Clearly, pot businesses need a place to put their money, and several local banks say they’ve consulted extensively with lawyers to see if they could legally serve the industry.
“We’ve had employees here who have had roommates and friends in the business, and we’ve made the extra effort to figure out a way to do it,” said Mike Taets, president of Timberline Bank in Aspen.
“But the FDIC could threaten to revoke our insurance and if you get caught with this, they will prosecute you under federal money laundering laws,” he said. “It’s serious.”
There are some gray areas in the law, according to Jammaron. It’s unclear, for instance, whether a bank can finance a commercial building where one of the tenants is a marijuana business.
“If you owned a commercial building and one of these guys is a tenant, that could be a problem, too,” he said.
Pot entrepreneurs desperate for bank accounts
Many marijuana business owners, forced for years to operate on a cash-only basis or funnel their revenue through personal accounts or other businesses, say they’re longing for the security and accountability that banking services provide.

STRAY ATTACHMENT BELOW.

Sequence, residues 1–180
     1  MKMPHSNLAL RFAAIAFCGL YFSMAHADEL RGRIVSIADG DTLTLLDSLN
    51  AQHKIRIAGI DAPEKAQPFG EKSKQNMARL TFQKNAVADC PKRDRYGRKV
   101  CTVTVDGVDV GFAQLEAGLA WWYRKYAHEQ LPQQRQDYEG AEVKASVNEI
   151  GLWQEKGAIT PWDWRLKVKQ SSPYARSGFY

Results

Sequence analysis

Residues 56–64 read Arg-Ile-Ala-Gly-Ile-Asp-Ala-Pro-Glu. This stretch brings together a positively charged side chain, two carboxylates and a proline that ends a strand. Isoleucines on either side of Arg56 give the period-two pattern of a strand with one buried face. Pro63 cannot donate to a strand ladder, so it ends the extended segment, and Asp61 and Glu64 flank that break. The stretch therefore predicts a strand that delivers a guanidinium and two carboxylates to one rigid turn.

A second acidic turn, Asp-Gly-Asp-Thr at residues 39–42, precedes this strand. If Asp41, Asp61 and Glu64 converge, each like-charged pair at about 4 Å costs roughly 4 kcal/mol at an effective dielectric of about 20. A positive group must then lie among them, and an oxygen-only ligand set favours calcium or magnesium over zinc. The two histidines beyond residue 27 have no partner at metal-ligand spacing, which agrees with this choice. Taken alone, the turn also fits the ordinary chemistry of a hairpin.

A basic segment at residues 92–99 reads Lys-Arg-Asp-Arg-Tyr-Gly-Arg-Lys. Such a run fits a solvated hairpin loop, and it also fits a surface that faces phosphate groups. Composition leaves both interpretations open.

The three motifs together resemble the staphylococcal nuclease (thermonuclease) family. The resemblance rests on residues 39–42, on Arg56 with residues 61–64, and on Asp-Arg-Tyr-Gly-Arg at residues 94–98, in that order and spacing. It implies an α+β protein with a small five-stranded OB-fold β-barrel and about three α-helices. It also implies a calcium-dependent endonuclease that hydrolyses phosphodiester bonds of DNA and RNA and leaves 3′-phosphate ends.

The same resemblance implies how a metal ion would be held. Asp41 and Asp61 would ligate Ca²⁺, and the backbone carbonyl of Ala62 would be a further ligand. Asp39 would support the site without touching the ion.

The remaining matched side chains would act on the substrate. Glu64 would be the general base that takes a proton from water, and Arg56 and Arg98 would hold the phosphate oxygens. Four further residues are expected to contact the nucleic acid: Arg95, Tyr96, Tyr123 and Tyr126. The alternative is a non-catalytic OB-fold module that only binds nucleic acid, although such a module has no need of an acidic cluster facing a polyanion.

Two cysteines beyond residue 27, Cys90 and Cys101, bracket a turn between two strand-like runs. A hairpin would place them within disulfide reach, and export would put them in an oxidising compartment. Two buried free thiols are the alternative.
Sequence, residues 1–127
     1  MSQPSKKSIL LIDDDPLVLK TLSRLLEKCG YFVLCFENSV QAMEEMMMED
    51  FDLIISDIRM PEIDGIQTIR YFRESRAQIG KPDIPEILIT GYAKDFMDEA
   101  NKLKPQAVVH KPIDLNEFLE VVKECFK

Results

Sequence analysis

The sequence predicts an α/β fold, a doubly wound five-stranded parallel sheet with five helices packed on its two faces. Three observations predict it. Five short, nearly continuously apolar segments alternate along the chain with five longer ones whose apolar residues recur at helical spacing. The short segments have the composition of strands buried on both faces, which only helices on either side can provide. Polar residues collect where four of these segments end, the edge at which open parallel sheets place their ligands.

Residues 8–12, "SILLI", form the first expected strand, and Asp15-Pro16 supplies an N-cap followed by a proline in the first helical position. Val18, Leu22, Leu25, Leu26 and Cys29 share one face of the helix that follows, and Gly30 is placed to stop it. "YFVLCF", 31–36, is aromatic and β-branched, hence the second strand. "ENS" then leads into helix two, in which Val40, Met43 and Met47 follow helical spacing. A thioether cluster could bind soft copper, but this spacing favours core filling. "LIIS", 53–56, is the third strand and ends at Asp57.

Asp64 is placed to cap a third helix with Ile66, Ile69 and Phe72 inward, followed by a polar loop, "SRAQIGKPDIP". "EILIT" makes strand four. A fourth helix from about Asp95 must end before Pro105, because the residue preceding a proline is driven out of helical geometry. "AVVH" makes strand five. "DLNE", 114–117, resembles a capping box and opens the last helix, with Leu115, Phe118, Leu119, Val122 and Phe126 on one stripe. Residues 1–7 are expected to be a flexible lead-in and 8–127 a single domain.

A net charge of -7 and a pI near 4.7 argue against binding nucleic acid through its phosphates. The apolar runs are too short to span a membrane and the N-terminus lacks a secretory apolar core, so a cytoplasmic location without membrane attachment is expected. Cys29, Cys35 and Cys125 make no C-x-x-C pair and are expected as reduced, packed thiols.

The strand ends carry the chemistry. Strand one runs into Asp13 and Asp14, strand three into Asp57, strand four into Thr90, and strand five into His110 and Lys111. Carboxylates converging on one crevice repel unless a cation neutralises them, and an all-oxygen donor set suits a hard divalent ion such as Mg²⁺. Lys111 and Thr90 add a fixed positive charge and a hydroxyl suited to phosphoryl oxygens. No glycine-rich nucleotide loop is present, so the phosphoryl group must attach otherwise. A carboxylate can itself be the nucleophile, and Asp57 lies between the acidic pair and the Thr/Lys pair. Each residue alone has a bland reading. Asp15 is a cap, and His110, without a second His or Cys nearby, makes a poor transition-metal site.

“Being forced into a cash scenario means that everyone has to misrepresent where their cash is coming from,” said Jason Mitchell, manager of Green Medicine Wellness, a dispensary in Glenwood Springs. “I can’t speak personally, because I’m not a business owner, but it appears to me that people have to do that.”
Keeping so much cash on hand also creates serious security concerns for dispensary owners.
“We’ve got redundant security and the cop shop is a block away, and we’re on the third floor of our building with alarm systems,” said James Leonard, co-owner of the Doctor’s Garden dispensary in Carbondale.
“I still keep a can of Raid under the counter,” he joked.
Leonard said his business had tried to apply for credit cards and bank accounts several times, but had been dropped once the companies found out he was in the pot industry.
“We are waiting for the banks to loosen up,” he said.
Leonard said he’s also hoping for changes in federal tax law to accompany any banking reforms now in the works. Marijuana businesses, he said, aren’t currently allowed to deduct things like capital and business expenses from their federal tax burden, the way most businesses can.